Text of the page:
deal to build Hinkley Point C 'will be finalised in weeks'
£25bn contract to build Hinkley Point C is expected to be
signed within weeks, according to national press reports this
in the Department of Energy and Climate Change have reached an
agreement with the French energy company EDF to develop Hinkley
Point C, near Burnham-On-Sea, and are ready to approve the project
after parliaments summer recess.
Guardian newspaper reports that David Cameron and Chinas
president, Xi Jinping, are expected to sign the deal at a meeting
than two thirds of the upfront investment costs for the controversial
project will be provided by two Chinese companies, with Beijing
keen to secure a greater stake in further nuclear power plants.
has faced growing criticism from energy experts, who have questioned
the rising costs of the electricity it would generate and whether
it is right to subsidise nuclear while cutting money to renewables.
at HSBC said in a report published last week that Hinkley was
"becoming harder to justify."
part of the contract, EDF and China General Nuclear will be responsible
for any cost overruns in the construction of the plant, which
is supposed to meet 7% of Britains electricity needs.
once it is in operation the government has agreed to pay £92.50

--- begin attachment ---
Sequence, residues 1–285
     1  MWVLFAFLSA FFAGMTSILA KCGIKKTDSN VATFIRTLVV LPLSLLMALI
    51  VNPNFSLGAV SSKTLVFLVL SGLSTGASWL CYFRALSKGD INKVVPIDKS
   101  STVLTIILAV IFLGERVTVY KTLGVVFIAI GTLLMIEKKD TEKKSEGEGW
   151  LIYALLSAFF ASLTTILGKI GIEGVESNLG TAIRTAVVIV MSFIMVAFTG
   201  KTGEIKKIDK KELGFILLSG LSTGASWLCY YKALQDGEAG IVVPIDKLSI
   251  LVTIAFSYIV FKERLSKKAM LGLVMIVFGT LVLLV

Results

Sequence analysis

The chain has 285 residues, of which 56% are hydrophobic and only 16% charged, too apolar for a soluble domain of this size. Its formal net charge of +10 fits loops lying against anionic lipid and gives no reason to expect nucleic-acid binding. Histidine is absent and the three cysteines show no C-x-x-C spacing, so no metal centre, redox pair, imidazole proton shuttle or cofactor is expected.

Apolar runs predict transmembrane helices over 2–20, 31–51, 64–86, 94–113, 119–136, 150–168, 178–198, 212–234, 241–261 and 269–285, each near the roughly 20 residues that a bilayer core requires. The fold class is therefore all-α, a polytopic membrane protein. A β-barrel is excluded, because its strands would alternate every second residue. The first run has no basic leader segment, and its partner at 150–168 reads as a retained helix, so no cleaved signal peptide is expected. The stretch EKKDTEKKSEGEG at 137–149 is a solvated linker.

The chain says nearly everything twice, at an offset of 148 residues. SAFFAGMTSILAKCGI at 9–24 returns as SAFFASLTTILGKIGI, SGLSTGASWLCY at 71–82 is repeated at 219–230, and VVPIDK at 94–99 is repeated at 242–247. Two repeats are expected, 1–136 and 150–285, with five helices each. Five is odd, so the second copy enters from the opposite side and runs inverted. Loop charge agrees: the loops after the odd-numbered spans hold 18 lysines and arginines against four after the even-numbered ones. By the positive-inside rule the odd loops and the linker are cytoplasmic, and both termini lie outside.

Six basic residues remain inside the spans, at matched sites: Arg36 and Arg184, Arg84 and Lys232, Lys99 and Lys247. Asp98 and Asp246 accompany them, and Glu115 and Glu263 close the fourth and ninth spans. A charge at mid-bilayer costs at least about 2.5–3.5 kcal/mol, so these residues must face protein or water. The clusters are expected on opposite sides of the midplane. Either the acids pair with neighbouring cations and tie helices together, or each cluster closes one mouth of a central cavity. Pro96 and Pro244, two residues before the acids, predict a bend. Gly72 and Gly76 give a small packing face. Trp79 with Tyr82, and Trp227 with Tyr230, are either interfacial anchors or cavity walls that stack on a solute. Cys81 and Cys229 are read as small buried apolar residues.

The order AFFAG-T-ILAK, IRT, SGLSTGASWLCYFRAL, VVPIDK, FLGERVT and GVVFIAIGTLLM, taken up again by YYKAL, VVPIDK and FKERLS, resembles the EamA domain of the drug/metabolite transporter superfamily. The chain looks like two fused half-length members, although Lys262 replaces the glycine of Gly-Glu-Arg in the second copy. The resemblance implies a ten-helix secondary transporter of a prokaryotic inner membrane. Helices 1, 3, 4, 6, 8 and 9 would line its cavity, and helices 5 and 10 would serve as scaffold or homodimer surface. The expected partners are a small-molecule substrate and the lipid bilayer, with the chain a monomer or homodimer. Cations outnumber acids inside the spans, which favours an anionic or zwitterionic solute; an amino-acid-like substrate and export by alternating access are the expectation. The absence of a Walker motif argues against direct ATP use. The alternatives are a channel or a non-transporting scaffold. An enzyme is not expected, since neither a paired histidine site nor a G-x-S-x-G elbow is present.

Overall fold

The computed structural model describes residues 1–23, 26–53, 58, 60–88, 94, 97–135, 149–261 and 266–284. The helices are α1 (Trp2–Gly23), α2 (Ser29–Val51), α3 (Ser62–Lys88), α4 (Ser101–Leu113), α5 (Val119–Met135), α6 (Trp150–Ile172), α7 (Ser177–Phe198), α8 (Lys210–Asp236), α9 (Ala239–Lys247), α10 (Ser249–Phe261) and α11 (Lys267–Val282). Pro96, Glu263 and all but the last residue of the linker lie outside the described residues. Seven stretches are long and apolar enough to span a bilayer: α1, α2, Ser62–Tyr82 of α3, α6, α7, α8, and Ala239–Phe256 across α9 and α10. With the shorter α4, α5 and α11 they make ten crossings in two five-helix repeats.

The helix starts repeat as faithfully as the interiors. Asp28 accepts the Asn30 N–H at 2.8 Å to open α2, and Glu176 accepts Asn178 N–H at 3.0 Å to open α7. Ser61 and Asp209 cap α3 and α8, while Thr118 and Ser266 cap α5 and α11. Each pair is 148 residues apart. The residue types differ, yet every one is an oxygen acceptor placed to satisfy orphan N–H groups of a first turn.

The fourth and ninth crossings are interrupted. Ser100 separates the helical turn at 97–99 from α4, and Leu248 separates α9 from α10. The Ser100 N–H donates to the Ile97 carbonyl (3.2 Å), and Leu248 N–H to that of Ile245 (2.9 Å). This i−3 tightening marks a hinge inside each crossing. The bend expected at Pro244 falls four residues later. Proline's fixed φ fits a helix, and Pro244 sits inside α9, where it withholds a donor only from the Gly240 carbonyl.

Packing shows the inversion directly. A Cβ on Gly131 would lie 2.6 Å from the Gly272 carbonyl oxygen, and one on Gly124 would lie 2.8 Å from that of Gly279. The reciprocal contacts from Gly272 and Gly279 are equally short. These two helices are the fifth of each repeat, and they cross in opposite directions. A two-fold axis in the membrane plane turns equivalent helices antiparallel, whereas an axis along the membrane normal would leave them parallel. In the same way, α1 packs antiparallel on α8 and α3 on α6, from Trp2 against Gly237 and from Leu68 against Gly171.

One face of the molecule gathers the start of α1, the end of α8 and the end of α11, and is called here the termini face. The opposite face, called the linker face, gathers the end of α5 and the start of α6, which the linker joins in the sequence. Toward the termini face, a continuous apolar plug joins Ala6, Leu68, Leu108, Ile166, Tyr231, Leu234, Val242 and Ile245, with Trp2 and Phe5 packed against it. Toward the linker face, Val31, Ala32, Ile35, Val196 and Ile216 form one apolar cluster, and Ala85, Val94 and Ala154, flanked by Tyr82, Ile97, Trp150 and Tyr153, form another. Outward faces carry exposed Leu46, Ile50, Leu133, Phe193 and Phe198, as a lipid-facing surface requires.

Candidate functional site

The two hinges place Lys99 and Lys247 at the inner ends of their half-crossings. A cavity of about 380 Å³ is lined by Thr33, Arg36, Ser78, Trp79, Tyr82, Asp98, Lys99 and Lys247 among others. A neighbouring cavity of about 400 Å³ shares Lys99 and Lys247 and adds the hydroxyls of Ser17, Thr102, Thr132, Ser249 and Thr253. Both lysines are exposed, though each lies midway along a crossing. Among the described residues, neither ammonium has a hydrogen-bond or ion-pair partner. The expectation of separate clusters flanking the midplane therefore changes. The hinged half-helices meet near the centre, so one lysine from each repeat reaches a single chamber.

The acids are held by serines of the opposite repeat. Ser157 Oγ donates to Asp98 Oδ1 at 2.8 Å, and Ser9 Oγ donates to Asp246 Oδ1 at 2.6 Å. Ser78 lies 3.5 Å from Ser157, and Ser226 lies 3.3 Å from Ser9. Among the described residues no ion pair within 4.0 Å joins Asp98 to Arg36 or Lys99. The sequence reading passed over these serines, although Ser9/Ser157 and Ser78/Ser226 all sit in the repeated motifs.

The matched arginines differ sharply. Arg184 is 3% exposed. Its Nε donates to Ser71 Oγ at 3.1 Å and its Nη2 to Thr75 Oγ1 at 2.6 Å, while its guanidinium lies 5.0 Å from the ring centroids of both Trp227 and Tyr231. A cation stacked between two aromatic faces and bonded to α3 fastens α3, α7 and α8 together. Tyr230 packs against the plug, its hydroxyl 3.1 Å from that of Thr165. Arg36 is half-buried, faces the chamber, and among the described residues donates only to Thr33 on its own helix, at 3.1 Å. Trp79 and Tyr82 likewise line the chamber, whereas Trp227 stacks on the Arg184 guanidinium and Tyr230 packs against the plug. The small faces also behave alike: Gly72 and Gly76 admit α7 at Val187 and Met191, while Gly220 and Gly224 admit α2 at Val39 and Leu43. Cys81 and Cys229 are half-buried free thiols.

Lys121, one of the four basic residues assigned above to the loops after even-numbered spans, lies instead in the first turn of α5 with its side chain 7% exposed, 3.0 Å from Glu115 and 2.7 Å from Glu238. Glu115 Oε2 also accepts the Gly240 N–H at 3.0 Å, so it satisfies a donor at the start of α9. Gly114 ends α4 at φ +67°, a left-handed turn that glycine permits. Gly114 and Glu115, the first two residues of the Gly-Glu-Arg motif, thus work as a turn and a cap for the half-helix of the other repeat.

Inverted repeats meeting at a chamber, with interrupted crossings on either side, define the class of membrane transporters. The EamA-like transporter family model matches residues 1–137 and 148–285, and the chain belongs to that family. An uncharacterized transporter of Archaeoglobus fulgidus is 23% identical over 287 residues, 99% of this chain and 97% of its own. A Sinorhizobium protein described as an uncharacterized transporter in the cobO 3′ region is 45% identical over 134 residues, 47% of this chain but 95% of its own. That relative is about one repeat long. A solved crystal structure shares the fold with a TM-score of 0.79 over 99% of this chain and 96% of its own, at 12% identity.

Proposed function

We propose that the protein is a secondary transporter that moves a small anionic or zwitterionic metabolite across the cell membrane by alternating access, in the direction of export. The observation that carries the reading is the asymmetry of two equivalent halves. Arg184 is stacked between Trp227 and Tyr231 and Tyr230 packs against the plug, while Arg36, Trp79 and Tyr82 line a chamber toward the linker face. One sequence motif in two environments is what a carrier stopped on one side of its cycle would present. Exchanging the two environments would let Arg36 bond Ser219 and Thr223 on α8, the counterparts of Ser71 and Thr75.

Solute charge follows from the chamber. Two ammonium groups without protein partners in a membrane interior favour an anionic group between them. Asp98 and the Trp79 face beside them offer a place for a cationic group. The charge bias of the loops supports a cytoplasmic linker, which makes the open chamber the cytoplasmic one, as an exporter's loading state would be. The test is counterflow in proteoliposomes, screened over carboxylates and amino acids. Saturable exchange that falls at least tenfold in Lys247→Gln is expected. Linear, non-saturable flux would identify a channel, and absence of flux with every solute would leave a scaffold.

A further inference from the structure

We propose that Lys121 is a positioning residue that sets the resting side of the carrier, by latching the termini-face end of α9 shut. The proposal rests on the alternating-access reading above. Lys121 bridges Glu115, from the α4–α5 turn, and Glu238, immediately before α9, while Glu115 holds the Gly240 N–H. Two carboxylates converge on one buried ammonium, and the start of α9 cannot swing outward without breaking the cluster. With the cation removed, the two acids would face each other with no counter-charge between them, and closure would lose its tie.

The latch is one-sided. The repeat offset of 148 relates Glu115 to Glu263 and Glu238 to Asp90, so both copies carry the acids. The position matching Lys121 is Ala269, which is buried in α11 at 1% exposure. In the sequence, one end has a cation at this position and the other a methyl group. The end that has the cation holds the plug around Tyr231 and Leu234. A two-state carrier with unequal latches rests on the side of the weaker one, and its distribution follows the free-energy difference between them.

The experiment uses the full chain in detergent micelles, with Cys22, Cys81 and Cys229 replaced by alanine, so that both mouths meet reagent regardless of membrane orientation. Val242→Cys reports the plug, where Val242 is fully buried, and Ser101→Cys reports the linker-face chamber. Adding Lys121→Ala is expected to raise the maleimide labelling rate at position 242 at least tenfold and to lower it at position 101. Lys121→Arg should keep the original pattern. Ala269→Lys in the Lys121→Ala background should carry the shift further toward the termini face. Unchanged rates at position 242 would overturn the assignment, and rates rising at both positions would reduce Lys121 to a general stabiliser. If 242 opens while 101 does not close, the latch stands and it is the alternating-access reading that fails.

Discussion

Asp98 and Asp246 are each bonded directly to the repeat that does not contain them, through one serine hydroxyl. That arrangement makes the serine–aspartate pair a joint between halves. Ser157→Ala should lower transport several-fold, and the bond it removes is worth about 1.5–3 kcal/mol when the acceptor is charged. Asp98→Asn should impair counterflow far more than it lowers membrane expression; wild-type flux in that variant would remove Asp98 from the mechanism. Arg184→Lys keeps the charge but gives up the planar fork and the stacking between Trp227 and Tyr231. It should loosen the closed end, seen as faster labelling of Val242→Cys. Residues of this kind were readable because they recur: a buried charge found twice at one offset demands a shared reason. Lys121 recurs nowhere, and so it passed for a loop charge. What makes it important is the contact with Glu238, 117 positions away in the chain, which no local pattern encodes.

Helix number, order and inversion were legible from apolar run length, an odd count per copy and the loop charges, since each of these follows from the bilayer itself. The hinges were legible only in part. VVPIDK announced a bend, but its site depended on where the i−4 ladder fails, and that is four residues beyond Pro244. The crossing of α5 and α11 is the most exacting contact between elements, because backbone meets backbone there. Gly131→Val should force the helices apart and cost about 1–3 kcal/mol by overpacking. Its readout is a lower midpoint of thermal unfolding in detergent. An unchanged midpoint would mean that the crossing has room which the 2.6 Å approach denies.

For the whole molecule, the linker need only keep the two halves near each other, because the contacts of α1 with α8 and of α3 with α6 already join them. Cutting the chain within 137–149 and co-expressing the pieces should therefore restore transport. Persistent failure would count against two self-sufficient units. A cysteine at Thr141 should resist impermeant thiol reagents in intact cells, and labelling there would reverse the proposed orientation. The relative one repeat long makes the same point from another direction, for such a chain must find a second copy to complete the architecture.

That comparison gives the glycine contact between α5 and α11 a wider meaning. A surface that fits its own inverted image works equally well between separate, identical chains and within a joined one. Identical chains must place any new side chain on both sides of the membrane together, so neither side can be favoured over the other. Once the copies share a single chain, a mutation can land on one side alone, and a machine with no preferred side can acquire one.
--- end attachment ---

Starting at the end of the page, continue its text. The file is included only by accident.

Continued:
per megawatt hour (MWh) of electricity generated for the 35 years
of the contract. This is well above the current wholesale price
of electricity, which is about £50 per MWh.
HSBC report said that European wholesale electricity prices are
expected to fall from this level over the contract period, resulting
in a "huge difference between UK forward prices and the Hinkley
price." This cost will ultimately be paid for in consumer
say the subsidy represents value for money as it is the only realistic
way of reducing UK carbon emissions while ensuring a consistency
sources told the newspaper that it expects to see contracts signed
in the early autumn. Last week the company announced selected
preferred bidders for £1.3bn worth of contracts relating
to the project, as we reported
month, the Austrian government mounted a legal challenge at the
European court of justice against EU-granted subsidies for Hinkley,
arguing that it is in breach of EU law and risks distorting the
market. Ministers have dismissed the challenge as "weak".
groups claim that Britains future electricity needs could
be met by renewables alone.